"Everything Arrives" is an in-progress photographic essay. The artist statement for this body of work is as follows:
I've been visiting Cuba for the past 8 years. My understanding of the place and my navigation of it are constantly in flux. Cuba is one of the most imaged countries in the world, and these images create myths and expectations. The portraits I make are dramas about performance, power, and love, on both sides of the camera.
“Everything Arrives” is a line from the Reinaldo Arenas poem "The Parade Ends". Arenas describes the streets of Havana with cold harshness; a reality that's oppressive, where free will seems unattainable. Finally, “everything arrives” and he is able to exercise agency in the simplest of ways; he mentally frees himself from his present physical state and elevates himself to a world of “incessant jingling.” Here, in this state, he floats. Everything is open. Nothing is closed.
Bio: Rose Marie Cromwell is a photographer and arts activist based out of Panama and New York. She was named one of “25 under 25: Up and Coming American Photographers” by powerHouse books and The Center for Documentary Studies, is Meyers Traveling Photography Fellowship recipient, a Fulbright Fellow and a Full Graduate Fellow at Syracuse Universtity. Recent publications of her work include Vision Magazine (China), Latin American and Caribbean Ethnic Studies Journal published by Routledge, Pology Magazine: Online Travel and Culture Magazine and HIP Magazine (Panama). Her first solo show was at the Diablo Rosso gallery in Panama City. Rose, co-founder and co-director of Cambio Creativo, is also a member of the youth arts collective Visual Identidades based in Syracuse, NY. She has worked as a community arts educator for the past seven years in various locations such as Baltimore, MD, Panama, and Syracuse, NY.
"Slaves, Squatters and Farmers: Legal Status and Identity in the Local Brazilian Economy"
During the 19th century, the southeastern region of Brazil saw a boom in its plantation system, due to the successful cultivation of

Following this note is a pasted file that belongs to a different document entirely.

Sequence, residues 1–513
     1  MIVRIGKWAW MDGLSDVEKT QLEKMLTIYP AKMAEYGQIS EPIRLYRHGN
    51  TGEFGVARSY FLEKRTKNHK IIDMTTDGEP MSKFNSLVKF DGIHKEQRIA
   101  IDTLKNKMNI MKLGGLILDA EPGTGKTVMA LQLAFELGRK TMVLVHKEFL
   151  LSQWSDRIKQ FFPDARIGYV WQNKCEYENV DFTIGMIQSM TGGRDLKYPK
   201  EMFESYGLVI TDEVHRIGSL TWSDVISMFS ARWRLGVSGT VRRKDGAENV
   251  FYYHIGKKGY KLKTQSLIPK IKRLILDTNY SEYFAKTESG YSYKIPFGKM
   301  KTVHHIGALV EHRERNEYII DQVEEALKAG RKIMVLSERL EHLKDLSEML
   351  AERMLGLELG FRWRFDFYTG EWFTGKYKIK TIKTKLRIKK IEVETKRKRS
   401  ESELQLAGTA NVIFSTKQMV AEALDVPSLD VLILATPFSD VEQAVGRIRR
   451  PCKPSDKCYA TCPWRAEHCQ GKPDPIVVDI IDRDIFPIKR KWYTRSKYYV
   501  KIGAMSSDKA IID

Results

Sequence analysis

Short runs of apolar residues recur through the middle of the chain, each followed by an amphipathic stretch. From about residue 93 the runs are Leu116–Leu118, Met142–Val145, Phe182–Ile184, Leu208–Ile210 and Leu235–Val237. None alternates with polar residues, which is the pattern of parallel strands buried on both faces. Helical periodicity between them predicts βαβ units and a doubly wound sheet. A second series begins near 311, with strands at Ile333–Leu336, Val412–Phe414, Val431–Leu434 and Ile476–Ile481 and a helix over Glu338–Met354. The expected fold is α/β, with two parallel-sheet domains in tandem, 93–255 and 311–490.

coffee. Slaves were shipped not only from Africa but from other regions of Brazil in order to supply sufficient amounts of labor. However, this coffee-based plantation society was not composed solely of masters and slaves; rather,
an interesting array of people inhabited the space between slave and free, white and black, master and laborer. These individuals made a living as merchants, as small planters, as artisans, and as hired, itinerant labor. Some were
newly-freed Afro-Brazilians; many were of at least partially African descent; some were the children of, if not amongst, the original settlers of the region, who established formative patterns of land-holding and property distribution
by participating in little more than glorified squatting. Neither slave nor elite, and racially diverse, these individuals were anything from merchants of relative prestige to essentially landless sharecroppers. My goal is to identify
and analyze these people archaeologically.
Therefore, this work seeks to examine the construction of identity and difference, along the axes of legal status and economic agency. By analyzing the degree of relatedness
between the legal status and relative economic marginality (as defined within the mid-19th century system of coffee production in the Paraíba Valley), my goal is to understand how these socially marginalized individuals reacted
to their imposed conditions through accepted channels of economic agency. In other words, how small-time planters or farmers—frequently of the class of free, black laborers—found their own degree of freedom from the dominant economic
structures of the planter’s regime.
Fran McCormick is a second-year student of historical archaeology in the Anthropology Department. This summer, he will be traveling to Brazil in order to analyze artifact collections
from the context of the 19th-century coffee region, and to visit plantation sites to determine potential for future excavation.